Thanks a lot for the daily serving in NBA, Raptors and unrelated news.
Matthieu B, Bern
A: Yes, everyone I talk to says he is that much better than anyone else, but a wide margin in the opinion of many.
Others? Well, perhaps no one as cut-and-dried as the consensus No. 1 as Davis but there certainly have been busts. However, guys like, say, Kwame Brown or Michael Olowokandi were not thought to be far and away the No. 1 selections; they were gambles that failed.
Q: Hello Doug. It's almost swap season, and thoughts turn to trade value. Based on which current Raps might qualify as sure-fire starters on other NBA teams, I come up with just one. Please correct me if I'm wrong, but I think Bargnani would likely start for at least 28, if not all 30, teams. After that, between Calderon and DeRozan, who would likely find a starting role on more NBA teams?
Now, putting starting/finishing roles aside, which of those two do you think has the higher overall trade value? Jose, because of his steady hand and expiring contract? Or DeMar, because of his athleticism and youth?
Finally, what do you think the chances are that all three will remain Raptors this coming season? And thanks for a great blog!
David M, Ottawa
A: I’m not sure Andrea would start on that many teams but he would on quite a few but other than he and Jose and DeMar, it would depend on fit and need. As I’ve said, Aaron Gray would be Wilt Chamberlain in Miami, allowing them to move Bosh to the four, LeBron to the three with Wade and Chalmers.
And it’s six of one, half a dozen of the other on who would have higher value for the varied reasons you state. I would presume – and this is without talking to 29 other GMs – Jose’s combination of skill and contract would make him more valuable.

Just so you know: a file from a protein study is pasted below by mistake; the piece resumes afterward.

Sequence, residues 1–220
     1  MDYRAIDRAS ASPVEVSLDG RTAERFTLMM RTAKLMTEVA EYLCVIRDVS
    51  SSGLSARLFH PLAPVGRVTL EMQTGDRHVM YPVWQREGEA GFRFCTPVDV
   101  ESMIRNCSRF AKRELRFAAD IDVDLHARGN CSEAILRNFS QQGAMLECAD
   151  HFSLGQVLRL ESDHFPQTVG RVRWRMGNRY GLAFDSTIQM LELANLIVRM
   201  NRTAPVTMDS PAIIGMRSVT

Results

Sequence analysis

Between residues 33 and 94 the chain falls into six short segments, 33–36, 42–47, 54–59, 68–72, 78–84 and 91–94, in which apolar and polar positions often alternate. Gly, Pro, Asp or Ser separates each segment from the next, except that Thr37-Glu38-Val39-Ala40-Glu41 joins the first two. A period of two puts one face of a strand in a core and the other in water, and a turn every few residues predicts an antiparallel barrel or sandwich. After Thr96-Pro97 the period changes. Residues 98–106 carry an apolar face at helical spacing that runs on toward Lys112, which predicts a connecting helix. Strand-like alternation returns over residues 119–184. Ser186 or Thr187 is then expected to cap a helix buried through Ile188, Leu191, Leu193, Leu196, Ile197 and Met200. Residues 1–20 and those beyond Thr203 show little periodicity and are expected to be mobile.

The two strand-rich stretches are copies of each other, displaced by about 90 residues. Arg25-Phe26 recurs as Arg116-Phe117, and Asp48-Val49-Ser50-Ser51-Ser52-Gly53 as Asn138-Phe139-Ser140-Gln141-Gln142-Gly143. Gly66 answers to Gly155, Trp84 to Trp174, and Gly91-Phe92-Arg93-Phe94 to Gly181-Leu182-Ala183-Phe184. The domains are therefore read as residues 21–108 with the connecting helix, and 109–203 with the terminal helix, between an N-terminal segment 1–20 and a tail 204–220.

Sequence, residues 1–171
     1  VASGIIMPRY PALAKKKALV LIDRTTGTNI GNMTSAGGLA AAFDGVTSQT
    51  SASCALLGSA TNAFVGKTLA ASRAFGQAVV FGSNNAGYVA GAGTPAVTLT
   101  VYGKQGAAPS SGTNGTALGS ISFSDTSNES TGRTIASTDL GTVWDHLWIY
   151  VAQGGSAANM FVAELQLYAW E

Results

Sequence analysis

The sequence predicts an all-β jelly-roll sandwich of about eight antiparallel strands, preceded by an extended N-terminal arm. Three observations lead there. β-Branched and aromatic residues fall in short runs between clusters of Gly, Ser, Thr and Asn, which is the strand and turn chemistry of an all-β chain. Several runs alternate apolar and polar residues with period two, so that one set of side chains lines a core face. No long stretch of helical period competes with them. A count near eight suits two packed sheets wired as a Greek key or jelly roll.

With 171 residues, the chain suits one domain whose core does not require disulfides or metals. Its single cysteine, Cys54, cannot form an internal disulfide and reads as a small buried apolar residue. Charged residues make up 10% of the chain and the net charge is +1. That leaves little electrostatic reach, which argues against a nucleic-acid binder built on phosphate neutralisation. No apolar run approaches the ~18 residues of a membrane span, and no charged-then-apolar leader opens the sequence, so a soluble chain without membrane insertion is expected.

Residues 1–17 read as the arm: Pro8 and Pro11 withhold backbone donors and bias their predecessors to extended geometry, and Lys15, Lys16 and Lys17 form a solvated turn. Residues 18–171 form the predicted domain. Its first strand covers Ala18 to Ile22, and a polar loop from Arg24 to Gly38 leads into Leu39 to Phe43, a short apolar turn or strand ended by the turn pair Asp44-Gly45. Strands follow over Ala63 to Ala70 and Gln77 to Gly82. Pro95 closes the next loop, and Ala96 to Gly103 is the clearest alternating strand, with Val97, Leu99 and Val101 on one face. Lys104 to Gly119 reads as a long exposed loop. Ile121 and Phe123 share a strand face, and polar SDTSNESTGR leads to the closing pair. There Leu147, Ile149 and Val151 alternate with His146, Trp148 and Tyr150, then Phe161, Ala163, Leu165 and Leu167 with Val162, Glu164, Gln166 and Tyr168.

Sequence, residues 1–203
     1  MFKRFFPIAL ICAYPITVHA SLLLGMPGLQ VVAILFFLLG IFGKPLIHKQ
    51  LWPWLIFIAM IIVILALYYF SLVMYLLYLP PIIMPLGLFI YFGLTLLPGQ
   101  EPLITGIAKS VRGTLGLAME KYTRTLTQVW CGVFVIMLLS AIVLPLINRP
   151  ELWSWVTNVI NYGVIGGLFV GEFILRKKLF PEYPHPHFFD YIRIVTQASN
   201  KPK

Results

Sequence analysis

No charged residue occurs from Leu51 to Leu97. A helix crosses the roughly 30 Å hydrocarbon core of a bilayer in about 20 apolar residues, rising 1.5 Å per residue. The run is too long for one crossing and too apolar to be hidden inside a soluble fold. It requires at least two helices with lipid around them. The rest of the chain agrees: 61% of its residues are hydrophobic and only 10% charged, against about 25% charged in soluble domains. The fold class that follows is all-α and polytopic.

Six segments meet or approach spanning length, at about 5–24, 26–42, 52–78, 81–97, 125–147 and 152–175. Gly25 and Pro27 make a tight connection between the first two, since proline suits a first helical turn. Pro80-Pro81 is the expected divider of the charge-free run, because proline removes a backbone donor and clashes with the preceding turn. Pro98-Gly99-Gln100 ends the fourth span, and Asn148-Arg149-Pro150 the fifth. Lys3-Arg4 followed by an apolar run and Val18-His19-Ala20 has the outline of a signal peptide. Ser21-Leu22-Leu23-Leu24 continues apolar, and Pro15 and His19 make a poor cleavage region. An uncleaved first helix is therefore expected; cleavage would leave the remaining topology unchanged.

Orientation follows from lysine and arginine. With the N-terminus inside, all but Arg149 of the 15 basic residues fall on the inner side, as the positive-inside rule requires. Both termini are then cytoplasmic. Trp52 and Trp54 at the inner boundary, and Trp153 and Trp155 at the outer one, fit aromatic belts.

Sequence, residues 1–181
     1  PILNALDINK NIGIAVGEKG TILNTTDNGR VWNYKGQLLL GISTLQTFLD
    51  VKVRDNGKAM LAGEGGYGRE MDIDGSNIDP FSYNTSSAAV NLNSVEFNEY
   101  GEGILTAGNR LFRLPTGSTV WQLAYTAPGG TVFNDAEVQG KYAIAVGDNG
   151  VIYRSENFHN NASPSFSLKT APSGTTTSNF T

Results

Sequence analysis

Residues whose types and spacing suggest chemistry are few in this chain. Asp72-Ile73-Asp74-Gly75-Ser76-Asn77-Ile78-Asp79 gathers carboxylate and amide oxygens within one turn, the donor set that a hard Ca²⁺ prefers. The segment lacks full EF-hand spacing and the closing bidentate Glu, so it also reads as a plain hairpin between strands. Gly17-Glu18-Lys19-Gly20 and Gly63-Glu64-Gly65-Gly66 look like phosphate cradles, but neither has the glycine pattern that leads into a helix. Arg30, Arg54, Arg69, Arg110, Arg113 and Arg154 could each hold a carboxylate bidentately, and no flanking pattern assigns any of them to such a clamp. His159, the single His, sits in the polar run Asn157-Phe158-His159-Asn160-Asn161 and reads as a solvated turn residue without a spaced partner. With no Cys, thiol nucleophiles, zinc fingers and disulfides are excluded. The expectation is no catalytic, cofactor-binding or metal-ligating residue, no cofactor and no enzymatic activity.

And since you asked today, I’d say it’s 99.9 per cent certain today that all three are in camp. And, yes, that means there’s a chance they all won’t be.
Q: Alright Doug, we gotta go 'Back FOR the Future!'
Imagine Colangelo hops into his time-travelling Delorean and goes back to some point in the past 16 years. He has to go out and either draft a player or sign a free agent.
There are three catches:
He only has room for one guy
It must actually be a former HOTH
They can only play for the team for one season before they are sucked back into the void and go back to the past.
As such, their statistics and impact would mirror those of their rookie season or first year after signing as a free agent with the HOTH. No going back to get Olajuwon 10 years before he actually became a Raptor.
Which player's first season with the Raptors would help the current team the most? Which player regardless of our current team had in your estimation, the best first season with the Raptors?
Off the top of my head, I might answer Garbo and Mike James respectively.
Cheers Marty! Er... I mean Doug.
Andrew P, Toronto
A: I hope I’ve got this right and I think I do.
The list would start and end with HWSNBN; his rookie year in Toronto was amazing and how would that young 3 look on this team?
Garbo would help, sure; but I can’t get behind Mike James at any level, sorry.
Q: Hey Doug: This is not related to the HOTH, or even to any type of basketball - I hope I don't stir up the "This is a basketball blog" naysayers for you.
When you were growing up (or even now), what Super Hero did you (do you) want to be?
Thanks for putting up with some of our zanier requests!
Tim H, Windsor
A: Who didn’t want to be Superman? And I mean in the George Reeves era. Although Margot Kidder in the movie made that role pretty palatable.
Good job, again, Irregulars.
A fine start, lots left over for tomorrow and I can probably handle a few more but there’s a trip home from Chicago and then some other work and an early flight to Oklahoma City on Sunday so can’t promise too much.
Have fun with this, though.
Q: If you were the coach of a "no excuse" team like the Heat, what excuse would you use for not making the Finals? (Queried on Wednesday, please amend or delete if they do make it.)
Why is Colby Rasmus now hitting? Can he continue hitting? What is the most pressing need for the TOD?
Any favourite. Father Time, Fatha Hines, Life with Father, Father Knows Best, or Father Bauer? Colour Him Father? Sylvester's son's plea, ohh fatther?